• Other Specialized Programs

Youth work at their own academic level.  Tutoring is available to help youth reach their educational goals.


Youth advise their Primary Youth Worker if attending church services is important. Youth can request to contact their spiritual advisor at any time and, if approved, may attend church with family or Youth Centre staff.

Life Skills

Sessions are led by youth workers to assist residents with basic life skills, such as:

  • Cooking / Baking
  • Sewing / Mending
  • Passive and Active Recreation
  • Personal Hygiene
  • Maintenance

Information sessions may include:

  • Nutrition
  • Employment
  • Budgeting

HELP Sessions

The HELP program stands for Helping Educate for Life's Problems and was named by a former resident. This program is held weekly in a group setting. It provides information on substance abuse, crime prevention, personal wellness, self improvement, anger management, and other topics relevant to youth. If a session raises questions, concerns, or feelings that are uncomfortable bringing up in the group, youth may be given a choice to participate in individualized HELP sessions with program staff.


Youth can use the Youth Centre's gym and games room and may also have access to activities in the Courtyard. They work on personal fitness through both individual and group activity.  Youth in Open Custody may earn the privilege of accessing resources in the community.

Employment Skills

Pre-employment programs provide an opportunity to develop practical employment skills. Youth Centre placements include general cleaning of areas used by the public, such as the gymnasium and general maintenance- related tasks. Community placements are specific to the individual's needs and interests and are based on presenting risks, and needs, and availability of constant supervision.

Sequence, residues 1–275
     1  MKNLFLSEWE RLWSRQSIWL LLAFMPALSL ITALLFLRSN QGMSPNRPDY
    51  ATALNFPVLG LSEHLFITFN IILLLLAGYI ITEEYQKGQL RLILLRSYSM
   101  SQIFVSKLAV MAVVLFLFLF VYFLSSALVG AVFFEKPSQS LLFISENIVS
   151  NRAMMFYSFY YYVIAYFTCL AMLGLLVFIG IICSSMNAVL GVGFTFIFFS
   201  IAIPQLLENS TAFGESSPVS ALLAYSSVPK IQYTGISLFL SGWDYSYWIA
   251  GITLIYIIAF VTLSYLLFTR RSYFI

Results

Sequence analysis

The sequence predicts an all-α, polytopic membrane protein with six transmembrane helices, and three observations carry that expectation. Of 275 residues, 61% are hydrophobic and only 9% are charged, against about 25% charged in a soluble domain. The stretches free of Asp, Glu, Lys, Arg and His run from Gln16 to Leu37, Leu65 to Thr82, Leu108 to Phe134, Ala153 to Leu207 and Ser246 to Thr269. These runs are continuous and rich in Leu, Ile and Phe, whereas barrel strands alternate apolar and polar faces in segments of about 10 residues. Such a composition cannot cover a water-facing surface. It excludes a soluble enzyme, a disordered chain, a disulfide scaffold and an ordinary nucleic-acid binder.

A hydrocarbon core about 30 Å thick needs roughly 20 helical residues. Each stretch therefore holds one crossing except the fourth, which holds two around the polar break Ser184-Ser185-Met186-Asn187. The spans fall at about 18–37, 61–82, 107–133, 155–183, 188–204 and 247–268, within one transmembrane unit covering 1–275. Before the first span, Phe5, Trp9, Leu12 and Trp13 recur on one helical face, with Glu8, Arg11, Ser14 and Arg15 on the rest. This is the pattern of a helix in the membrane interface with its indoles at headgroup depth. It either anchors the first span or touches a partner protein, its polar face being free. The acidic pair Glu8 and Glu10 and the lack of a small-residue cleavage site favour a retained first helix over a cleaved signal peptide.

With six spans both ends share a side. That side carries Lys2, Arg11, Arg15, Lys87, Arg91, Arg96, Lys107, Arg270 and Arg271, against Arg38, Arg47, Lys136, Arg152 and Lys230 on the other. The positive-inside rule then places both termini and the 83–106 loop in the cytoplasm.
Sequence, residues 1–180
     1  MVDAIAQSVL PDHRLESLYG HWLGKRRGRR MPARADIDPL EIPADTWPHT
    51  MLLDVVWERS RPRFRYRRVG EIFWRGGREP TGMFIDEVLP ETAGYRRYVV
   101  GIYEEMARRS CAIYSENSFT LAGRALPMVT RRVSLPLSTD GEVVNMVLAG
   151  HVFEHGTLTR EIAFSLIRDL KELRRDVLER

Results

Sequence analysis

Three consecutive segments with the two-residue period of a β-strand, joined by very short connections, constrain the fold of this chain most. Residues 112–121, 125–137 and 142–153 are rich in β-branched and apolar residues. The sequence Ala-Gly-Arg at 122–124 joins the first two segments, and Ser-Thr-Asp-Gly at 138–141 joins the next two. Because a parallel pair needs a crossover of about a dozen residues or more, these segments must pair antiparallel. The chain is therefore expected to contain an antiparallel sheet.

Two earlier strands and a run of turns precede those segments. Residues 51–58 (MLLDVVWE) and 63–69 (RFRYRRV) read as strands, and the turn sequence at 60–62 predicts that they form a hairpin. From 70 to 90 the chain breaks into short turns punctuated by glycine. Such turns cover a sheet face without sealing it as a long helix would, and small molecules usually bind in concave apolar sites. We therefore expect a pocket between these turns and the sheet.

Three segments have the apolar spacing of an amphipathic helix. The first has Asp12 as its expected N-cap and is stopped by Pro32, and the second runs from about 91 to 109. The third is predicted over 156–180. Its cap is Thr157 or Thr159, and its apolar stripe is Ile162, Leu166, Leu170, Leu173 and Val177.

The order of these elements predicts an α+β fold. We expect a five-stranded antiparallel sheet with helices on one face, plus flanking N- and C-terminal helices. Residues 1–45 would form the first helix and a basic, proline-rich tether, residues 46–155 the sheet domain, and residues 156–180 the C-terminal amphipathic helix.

Youth Centre programs are designed to promote safety and good health.  All Youth Centre staff are trained in First Aid and CPR, and use of the AED (Automated External Defibrillator). Youth workers receive training in Mental Health First Aid, Applied Suicide Intervention Skills Training, Trauma Informed Care, and other core training courses. 

Youth receive a health assessment by a nurse when admitted to the Youth Centre, and referrals are made to a nurse practitioner or doctor whenever necessary.  Parents and/or legal guardians are informed of any medical concerns during a young person’s stay.  Medical and mental health services are provided to all youth at the Youth Centre. These services may also include: dental, optical, psychological and psychiatric care. Referrals are made to community based resources where appropriate.

Who can visit youth at the Youth Centre?

Contact with Family and Significant Others
Family members/legal guardians and significant persons in a youth’s life may be permitted to visit. The people on a youth’s visitation and phone list must be approved by their Youth Worker, Supervisor, Youth Justice Worker, parents and/or guardians. There are regularly scheduled visiting times for residents.

Reintegration Leave
Once youth have completed an assessment period and have shown that they are working toward their case plan, youth may be considered for "authorized leave" under the Youth Criminal Justice Act (YCJA).  This is called "Reintegration Leave".  It is designed to prepare a youth to return to their family and community when they are released from custody.  Reintegration Leave must be planned in advance and may be authorized for the following reasons:

  • Home visits
  • Rehabilitation and treatment programs
  • Medical appointments
  • Community service work
  • Work or school attendance
  • Humanitarian reasons

Who can I call form more information?

Provincial Manager Custody Programs
Telephone: (902) 569-7680
Fax: (902) 569-7711

Date de publication : 
le 27 Octobre 2023
Justice et de la Sécurité publique

Renseignements généraux

Community and Correctional Services Division 
109 Water Street
Summerside, PE   C1N 5L2
Phone: 902-432-2528
Fax: 902-432-2851